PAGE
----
Can Translation Technology Rescue Scottish Gaelic?
Businesses in Scotland are increasingly using Gaelic in signs and marketing material, according to language group Commun na Gaidhlig – but what is the history of this language, and can translation technology rescue its heritage?
The £35,000 study by Commun na Gaidhlig found that most businesses thought the use of Gaelic in visual marketing helped them stand out to consumers who are becoming much more conscious of how their money is spent. The Gaelic language group provides grant assistance for bilingual signs, in an effort to make the use of the language much more prominent, particularly in the Western Isles. Some groups, such as the An Comunn Gaidhealach, argue that Gaelic should be the islands’ main language for public affairs, and that translation technology should be utilised to help those who don’t already speak the language.
Scottish Gaelic, not to be confused with Scots, has an extremely long history. Gaelic was introduced to Scotland by Irish settlers probably around the 4th Century, although it is thought that an ancient form of the language existed in Argyll before the Roman period.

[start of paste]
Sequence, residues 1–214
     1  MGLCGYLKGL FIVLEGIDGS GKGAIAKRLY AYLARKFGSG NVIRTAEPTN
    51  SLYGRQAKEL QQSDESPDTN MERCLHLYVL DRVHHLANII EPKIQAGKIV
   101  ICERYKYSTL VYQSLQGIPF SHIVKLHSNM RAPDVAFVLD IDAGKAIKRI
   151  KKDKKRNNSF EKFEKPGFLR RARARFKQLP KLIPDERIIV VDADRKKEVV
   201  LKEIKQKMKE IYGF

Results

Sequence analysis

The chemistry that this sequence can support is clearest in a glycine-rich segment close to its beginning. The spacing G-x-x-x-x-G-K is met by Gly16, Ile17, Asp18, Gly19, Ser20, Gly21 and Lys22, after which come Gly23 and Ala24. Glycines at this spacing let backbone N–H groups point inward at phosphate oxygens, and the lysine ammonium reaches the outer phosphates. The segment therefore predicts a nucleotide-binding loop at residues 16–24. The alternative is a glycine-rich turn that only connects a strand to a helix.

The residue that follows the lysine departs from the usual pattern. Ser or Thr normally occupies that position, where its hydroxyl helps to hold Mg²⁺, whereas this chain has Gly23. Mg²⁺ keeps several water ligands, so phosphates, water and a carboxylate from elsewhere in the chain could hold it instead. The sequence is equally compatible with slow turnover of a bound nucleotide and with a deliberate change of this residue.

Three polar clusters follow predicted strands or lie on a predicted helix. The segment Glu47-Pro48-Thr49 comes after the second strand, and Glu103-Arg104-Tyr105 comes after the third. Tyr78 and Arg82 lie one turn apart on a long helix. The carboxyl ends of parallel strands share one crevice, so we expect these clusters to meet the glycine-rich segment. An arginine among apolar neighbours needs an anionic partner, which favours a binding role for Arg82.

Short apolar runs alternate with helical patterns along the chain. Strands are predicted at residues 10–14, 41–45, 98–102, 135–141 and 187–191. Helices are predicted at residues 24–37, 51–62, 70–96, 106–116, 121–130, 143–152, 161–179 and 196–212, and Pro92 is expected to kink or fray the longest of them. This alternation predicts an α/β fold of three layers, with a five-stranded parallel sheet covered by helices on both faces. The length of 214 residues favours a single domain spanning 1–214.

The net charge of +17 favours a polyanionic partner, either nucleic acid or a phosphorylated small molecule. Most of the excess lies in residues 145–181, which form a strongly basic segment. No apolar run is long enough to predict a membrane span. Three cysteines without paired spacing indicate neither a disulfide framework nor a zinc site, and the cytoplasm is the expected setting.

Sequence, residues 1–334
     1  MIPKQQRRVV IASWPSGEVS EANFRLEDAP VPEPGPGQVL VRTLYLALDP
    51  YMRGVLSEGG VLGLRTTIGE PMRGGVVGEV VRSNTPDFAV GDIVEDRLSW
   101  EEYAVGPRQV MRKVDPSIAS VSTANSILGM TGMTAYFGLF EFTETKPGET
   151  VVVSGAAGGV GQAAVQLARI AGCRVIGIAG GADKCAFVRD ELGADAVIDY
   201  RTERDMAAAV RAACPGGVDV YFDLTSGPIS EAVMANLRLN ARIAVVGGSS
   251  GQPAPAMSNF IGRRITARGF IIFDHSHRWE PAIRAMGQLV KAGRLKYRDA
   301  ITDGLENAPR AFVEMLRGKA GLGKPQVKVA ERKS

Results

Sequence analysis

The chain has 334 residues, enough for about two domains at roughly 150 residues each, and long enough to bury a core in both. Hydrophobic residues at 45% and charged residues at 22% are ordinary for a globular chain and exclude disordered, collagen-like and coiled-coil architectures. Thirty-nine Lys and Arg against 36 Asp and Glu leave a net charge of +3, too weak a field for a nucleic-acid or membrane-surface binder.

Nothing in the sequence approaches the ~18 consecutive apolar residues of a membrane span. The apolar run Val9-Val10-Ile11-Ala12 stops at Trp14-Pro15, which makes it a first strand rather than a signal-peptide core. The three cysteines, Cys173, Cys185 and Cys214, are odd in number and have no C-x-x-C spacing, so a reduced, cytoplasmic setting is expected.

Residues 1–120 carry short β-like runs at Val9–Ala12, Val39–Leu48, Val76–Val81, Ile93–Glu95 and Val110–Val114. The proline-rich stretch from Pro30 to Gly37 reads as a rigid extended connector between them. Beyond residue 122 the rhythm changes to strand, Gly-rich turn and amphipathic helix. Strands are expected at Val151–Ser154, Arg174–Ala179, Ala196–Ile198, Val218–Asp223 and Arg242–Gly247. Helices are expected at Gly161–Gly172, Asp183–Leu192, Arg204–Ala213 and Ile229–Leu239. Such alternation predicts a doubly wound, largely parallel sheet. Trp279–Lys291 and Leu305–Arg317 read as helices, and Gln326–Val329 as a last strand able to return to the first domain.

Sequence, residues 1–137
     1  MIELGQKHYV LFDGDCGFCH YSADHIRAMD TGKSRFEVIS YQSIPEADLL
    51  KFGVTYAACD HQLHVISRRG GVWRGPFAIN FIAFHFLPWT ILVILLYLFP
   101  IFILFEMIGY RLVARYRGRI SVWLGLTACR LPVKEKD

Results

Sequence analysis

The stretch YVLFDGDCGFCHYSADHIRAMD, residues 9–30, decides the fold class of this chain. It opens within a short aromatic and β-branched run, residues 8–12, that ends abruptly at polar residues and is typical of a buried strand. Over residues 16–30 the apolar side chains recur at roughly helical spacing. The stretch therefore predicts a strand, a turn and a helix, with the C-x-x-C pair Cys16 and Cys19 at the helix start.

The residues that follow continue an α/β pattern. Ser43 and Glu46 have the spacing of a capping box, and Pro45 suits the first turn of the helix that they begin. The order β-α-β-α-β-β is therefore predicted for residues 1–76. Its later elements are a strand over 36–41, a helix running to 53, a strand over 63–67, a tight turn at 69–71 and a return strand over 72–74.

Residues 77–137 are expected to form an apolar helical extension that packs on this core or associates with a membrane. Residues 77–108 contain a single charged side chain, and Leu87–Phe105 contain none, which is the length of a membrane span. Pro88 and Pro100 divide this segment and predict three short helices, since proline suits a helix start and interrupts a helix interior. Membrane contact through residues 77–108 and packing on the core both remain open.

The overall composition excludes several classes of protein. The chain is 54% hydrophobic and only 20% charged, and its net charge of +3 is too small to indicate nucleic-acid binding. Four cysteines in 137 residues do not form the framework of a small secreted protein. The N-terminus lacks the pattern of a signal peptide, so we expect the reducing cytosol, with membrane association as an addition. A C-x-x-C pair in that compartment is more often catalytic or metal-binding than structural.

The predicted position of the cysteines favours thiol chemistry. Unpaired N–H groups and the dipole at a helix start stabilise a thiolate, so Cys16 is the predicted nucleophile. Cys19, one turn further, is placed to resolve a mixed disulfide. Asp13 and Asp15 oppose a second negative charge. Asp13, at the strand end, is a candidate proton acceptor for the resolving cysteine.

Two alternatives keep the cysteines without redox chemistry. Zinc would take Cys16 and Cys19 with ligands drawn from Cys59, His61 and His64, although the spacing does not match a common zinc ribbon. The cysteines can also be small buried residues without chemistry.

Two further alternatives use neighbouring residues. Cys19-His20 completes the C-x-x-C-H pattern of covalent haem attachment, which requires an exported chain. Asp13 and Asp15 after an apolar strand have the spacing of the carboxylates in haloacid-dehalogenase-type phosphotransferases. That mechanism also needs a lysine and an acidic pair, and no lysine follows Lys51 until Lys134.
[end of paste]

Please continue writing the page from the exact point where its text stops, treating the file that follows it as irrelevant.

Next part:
The Education (Scotland) Act of 1872 forbade generations of Gaels to speak their native language in the classroom, and the first solely Gaelic-medium secondary school, Sgoil Ghàidhlig Ghlaschu (“Glasgow Gaelic School”), was only opened in 2006. After the 2001 census, it was estimated that only 1.2% of the Scottish population had any Gaelic speaking ability. The Gaelic Language (Scotland) Act of 2005 has helped to significantly improve recognition of the language, although it still receives less recognition from the UK Government compared to Welsh.